And it provides the right vehicle to have a conversation over a period of time that we don’t often get to do as filmmakers. When you really get into that trial and everything about OJ and everything else, it’s like you realize the story is in many ways about everything, and there’s an interconnectedness to all these issues. There was this confluence of factors that you need to engage in to understand the impact that OJ had on our culture and the impact that the trial had on our culture and why that came to be—let alone why the verdict was the way it was.
After the two-year process of researching the footage, the documents and archival material, as well as the people you interviewed, what emerged for you that was really surprising, that deepened your perspective on what you were exploring?
Sort of nothing and everything at the same time. It’s hard for me to get back to it based on what surprised me. I do think there was a consistency when you engage in conversation with people in LA, in terms of what are the galvanizing moments that people collectively point to. As part of this history that you have to explore in this narrative, you realize how deeply this history still lives within the community. It’s something I might have intellectually understood but not actually understood until you actually engage with people directly.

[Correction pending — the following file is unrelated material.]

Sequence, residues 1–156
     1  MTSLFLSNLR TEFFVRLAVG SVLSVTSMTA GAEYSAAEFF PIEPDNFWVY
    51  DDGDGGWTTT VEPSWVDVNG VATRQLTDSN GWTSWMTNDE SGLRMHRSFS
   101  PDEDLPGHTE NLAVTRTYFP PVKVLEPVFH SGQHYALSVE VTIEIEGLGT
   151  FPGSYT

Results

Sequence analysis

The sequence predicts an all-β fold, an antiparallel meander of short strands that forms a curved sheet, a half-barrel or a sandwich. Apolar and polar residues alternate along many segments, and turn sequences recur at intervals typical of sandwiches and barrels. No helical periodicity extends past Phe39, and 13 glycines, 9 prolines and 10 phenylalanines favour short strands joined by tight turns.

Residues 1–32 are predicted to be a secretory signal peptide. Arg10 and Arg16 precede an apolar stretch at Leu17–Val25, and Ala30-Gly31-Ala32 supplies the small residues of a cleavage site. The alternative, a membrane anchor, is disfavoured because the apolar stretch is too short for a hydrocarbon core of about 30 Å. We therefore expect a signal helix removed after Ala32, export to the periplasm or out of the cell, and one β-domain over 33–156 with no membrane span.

How did you go about structuring the narrative?
Even from the point when I started, I knew enough about OJ’s history, in terms of where he came from and that period of time when he was at USC and knowing what USC is and was in 1967 Los Angeles, and where USC was located geographically. I was fascinated by this juxtaposition of this white conservative school with wealthy students located right next to a neighborhood that had exploded in violence a year and a half before OJ got there. And so using those two places provided me with the starting point of the story on two different tracks.
That was always in my head because I knew I was going to try to explore who OJ was as a character as deeply as I could. But I also knew I wanted to tell that other story and because I had a natural starting point, it was just a question of figuring out a way to weave those narratives together. That happened during the editing process. But there was a chronology that I think helps in this case to give you a structure or framework to do that, and then you just start hoping you can figure out a way to actually find those transition points.
The eighth hour is one of the strongest ones. It’s a very troubling denouement, depicting OJ’s descent to depravity. He’s free, but he’s not free. He’s unmoored from the communities that really brought him to fame and celebrity, and he’s casting about. What resonated for you in that eighth hour?